November 13, 2017 –
Corporate innovation is not a new topic, but today there is an increased sense of urgency at the executive leadership level. We are witnessing disruptive innovation in nearly every sector. Traditional markets from banking, transportation, and even healthcare all face new disruptive forces, and often from outside of their normal market of competitors. For corporate leaders, the ability to embrace innovation, both organic and inorganic, is therefore an objective goal. Sourcing best practices on corporate innovation and creating a culture that supports new ideas, risk taking, and even failure are key elements that CEOs, CIOs, and their teams are thoughtfully pursuing.
As part of our CIO speaker series, we asked Anju Gupta, head of digital partnerships at Monsanto, to tell us how the $13.5 billion agro-chemical giant drives innovation through its organization. Matthew Le Merle, the author of ‘Corporate Innovation in the Fifth Era,’ joined our speaker series to share the principles of innovation that make up some of the science that Monsanto is applying.
Here are the key takeaways:
– Hone your ‘Tech Radar’ by keeping your eyes out for emerging technologies; attending VC summits and bringing in startups for pitch sessions is a good way to stay ahead of the curve.
– Start with small investments, run fast pilots, and showcase that they work before you go for a big deployment strategy.
– When you allow business units to run their own tech proofs of concept, they are more vested in understanding how the technology can improve the business; these POC leads become champions for change.
– If you continually help your business partners understand how technology is changing the way they operate, you’ll establish a foundation of trust, making them more receptive to potentially transformative ideas later on.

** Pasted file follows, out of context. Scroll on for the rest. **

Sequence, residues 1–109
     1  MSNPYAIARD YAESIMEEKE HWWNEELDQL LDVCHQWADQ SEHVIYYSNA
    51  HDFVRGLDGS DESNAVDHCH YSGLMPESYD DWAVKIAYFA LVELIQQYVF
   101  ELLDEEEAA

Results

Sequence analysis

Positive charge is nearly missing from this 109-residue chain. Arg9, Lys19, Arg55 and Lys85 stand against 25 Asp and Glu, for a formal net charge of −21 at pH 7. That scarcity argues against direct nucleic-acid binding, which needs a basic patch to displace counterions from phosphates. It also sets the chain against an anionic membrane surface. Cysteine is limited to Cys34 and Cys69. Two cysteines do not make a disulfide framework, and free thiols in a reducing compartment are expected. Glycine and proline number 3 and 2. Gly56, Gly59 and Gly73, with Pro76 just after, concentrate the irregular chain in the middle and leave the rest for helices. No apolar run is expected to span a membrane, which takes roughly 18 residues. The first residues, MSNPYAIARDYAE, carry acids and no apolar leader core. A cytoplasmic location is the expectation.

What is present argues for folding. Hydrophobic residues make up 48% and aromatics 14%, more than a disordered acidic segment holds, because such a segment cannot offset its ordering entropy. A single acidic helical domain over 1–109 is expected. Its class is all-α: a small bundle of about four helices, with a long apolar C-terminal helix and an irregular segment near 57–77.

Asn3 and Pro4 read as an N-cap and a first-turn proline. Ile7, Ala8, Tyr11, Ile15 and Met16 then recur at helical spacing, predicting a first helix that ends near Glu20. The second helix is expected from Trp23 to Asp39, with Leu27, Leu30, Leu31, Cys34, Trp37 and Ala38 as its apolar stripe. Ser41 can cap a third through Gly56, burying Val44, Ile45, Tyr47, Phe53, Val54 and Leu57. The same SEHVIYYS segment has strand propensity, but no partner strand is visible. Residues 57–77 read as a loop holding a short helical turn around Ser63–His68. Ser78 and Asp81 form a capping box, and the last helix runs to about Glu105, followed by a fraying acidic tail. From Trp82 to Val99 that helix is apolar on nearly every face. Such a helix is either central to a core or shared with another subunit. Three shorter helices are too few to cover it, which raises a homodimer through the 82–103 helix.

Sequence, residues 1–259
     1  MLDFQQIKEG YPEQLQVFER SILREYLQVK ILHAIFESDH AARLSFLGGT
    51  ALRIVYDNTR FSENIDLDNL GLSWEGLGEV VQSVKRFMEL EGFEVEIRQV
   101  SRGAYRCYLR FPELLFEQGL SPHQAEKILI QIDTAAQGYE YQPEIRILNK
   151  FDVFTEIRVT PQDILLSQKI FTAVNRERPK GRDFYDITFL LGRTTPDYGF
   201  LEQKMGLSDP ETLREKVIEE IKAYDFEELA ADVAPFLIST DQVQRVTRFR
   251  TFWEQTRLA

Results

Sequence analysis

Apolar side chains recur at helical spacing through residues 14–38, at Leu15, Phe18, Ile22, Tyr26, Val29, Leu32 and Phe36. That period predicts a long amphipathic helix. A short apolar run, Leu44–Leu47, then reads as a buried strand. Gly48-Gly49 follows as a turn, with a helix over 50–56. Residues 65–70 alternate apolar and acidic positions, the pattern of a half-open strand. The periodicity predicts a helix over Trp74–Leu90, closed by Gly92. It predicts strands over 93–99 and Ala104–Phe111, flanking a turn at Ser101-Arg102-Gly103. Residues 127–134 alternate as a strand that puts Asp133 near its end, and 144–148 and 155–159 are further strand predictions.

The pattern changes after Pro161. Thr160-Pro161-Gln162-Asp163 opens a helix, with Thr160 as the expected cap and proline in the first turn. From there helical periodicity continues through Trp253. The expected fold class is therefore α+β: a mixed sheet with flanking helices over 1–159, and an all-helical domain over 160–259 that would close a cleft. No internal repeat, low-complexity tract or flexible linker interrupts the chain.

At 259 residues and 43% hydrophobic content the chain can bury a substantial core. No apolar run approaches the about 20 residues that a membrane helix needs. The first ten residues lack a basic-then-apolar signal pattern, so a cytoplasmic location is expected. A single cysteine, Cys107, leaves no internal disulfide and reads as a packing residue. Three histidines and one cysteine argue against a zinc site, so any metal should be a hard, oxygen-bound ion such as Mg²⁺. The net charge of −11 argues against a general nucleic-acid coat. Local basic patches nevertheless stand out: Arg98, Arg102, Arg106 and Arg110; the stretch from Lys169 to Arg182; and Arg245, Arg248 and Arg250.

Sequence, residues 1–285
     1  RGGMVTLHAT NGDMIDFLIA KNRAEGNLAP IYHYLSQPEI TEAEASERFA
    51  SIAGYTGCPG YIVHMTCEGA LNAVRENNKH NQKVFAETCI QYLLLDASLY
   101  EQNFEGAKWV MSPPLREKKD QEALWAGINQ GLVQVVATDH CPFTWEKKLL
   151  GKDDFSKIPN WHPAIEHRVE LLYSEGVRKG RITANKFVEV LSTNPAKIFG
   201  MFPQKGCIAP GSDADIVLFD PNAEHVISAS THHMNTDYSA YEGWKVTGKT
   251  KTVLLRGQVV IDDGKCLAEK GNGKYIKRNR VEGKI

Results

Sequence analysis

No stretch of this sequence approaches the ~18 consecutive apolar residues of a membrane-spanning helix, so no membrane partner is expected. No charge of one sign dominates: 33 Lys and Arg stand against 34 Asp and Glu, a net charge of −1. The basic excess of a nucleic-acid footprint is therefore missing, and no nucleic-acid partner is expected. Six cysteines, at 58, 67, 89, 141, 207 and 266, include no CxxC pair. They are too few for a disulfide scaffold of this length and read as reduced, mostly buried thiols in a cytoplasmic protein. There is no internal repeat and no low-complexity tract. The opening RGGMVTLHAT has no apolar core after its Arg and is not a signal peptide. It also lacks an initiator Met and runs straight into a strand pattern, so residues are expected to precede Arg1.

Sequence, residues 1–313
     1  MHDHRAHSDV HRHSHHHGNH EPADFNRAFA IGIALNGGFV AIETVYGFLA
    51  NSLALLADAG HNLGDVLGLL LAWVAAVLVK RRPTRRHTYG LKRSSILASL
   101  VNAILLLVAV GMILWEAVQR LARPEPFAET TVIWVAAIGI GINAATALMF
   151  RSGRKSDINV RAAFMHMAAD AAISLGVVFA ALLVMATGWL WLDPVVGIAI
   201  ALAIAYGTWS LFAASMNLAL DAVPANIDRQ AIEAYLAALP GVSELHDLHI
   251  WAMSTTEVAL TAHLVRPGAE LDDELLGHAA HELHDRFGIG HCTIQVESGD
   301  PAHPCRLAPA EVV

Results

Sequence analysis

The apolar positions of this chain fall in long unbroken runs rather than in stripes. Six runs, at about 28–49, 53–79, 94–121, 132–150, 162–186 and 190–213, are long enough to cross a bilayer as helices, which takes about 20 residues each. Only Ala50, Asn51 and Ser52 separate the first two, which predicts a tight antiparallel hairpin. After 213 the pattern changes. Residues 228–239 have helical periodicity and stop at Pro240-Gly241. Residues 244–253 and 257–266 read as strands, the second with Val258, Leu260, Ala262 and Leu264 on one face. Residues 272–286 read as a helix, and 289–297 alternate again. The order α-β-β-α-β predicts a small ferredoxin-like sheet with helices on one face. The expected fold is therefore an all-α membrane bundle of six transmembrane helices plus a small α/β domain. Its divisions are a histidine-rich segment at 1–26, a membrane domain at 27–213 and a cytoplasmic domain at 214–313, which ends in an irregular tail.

– You can’t operate in a vacuum. Your CIO and CTO need to be fully engaged, and without support from the business leads you’ll never be able to drive tech innovation.
– Breaking down silos between business units and collaborating are the keys to success. Without that, innovation isn’t possible.
Anju Gupta on Innovation at Monsanto
At Monsanto, we’ve instilled a culture of innovation that permeates every aspect of the organization. And we’ve done it through a series of strategic partnerships with VCs and startups.
By pursuing these partnerships, we’ve been able to accelerate the capabilities of our platform, enable strategic transformation, and generate new growth opportunities.
Along the way, we’ve identified five essential steps to help drive innovation.
Identify business needs: We start by talking with business unit leaders across the organization – from manufacturing, marketing, supply chain, finance, R&D, and so on – to uncover their pain points.
Find innovative technology: We are continually looking for promising technologies to solve business problems. By attending VC summits and technology conferences, and working closely with our procurement and portfolio review groups, we identified 800 opportunities we wanted to explore over the last two and a half years.